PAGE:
What if you went all out this Sukkot (a time of harvesting)? You constructed and decorated your sukkah (a 3-sided temporary structure) with the kids, filled your calendar with friends and family to enjoy a meal in it, and purchased a lulav (palm, myrtle and willow bundled together) and etrog (a citron). When the holiday ends, everything goes back into storage, but what about the fragrant etrog you spent $30 on?
An etrog is a citrus fruit that is ritually important during the Jewish holiday of Sukkot. Many people purchase one, and simply toss the exotic fruit in the garbage when the holiday ends. This seems wasteful, especially when there are many uses for fragrant fruit after the holiday!
Before you toss your etrog, below are some examples of possible uses:
Scented Oil: You can make etrog-scented oil simply by infusing oil with the zest. Grate the peel of a cleaned etrog and put it in a small glass bottle so it fills half the bottle, then add almond oil, light olive oil, or another oil to the top. Set the bottle in a sunny place for a few days, shaking it a few times every day, then store at room temperature. Add a few drops of this scented oil to a bath, or fill a spray bottle with water and a few drops of the etrog oil for a pleasant air freshener.
Spice Box: Another way to employ the etrog’s lovely fragrance is to pierce the skin of the fruit and fill the holes with dried cloves, covering the etrog completely. As the etrog dries, it releases a wonderful scent and the whole fruit may be used as a “spice box” for the Havdalah ceremony to mark the end of the Sabbath.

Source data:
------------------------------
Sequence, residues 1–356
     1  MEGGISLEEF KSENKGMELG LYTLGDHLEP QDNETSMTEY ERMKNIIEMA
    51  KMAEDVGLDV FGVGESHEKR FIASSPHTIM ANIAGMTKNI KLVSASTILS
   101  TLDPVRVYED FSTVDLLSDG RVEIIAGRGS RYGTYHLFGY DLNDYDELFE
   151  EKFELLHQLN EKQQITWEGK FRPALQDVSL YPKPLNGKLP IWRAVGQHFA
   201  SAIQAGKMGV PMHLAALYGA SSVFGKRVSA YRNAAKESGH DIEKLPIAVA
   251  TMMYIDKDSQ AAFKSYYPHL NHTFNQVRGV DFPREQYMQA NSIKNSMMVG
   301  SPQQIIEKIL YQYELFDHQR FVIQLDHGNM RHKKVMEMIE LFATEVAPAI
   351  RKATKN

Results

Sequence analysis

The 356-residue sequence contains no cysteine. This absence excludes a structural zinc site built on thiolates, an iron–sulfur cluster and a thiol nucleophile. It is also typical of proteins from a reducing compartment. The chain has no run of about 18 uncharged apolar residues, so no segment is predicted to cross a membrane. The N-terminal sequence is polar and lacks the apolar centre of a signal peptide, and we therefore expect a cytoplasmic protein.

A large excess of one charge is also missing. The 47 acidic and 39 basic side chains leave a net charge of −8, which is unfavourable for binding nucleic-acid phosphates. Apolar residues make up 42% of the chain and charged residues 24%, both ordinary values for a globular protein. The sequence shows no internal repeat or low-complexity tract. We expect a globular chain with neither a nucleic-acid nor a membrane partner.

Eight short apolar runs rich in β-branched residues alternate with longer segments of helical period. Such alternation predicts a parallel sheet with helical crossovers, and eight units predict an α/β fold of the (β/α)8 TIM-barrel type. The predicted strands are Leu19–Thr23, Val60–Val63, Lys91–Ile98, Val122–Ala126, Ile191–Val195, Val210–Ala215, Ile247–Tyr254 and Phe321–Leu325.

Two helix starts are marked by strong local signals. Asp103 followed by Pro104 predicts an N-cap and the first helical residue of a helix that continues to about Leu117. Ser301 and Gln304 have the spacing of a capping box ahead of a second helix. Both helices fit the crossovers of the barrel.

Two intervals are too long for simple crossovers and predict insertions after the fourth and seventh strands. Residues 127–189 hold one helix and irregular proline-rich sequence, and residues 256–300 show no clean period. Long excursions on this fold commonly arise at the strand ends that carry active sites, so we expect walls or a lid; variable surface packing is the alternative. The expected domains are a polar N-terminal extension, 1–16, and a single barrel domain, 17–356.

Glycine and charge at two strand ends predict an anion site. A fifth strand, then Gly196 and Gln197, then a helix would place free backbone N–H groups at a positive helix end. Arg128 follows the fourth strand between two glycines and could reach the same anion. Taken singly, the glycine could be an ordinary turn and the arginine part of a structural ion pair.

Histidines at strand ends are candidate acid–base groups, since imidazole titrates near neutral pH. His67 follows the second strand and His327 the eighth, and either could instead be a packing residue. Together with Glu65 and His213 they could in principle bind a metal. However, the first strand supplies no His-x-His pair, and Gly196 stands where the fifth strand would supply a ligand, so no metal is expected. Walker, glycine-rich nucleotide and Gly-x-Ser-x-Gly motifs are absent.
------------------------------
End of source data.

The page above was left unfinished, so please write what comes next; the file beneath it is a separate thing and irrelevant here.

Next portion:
Grow an Etrog Tree: Remove the seeds from your etrog, wash them, and plant them in a well-drained potting mix. Keep the plants warm and moist, and repot when necessary. If you are patient and care for your citrus plant well, in about four or five years you may have your own home-grown etrog to use on Sukkot—and after the holiday ends.
Pregnancy and Childbirth: A variety of old world practices connect the etrog to pregnancy and childbirth. According to the Talmud (Jewish scriptures), a childless woman who wanted to bear a son was advised to bite the pitom (tip) of the fruit. A pregnant woman who ate the etrog after Sukkot would give birth to a “good” child. And a woman in labor could ease the pain of childbirth, it was said, by placing the etrog’s pitom under her pillow. Wish I knew that ten years ago-- I surely would have saved our etrog!
Food and Drink Around the World: After Sukkot, John Kirkpatrick, an etrog-farmer in California, sells great quantities of the remaining fruit to St. George Spirits for its citron-infused vodka. The citron peel has also been used to flavor other beverages, such as lemonade or sangria. In Sicily, people cut the pith into thin slices and sprinkle them with salt or sugar for a snack, or combine them in a salad with fennel, oil, salt, and pepper.
What if you don't have an etrog or a sukkah at home? No worries. Come celebrate with us! We have some great events for families on Sukkot at the JCCNV!
On October 7 in Ashburn, families can enjoy a PJ Library® story time, build their own mini-sukkah and shake the lulav (special branches) and etrog. Learn more.
On October 12, families can enjoy yoga in the sukkah at our Stretch in the Sukkah event at Gesher.
On October 21, we have our Fall Jewish Holiday Jamboree featuring dinner in the sukkah, a petting zoo, and more. Check out this flier for more details on this exciting family event.
We hope to see you at these fun events!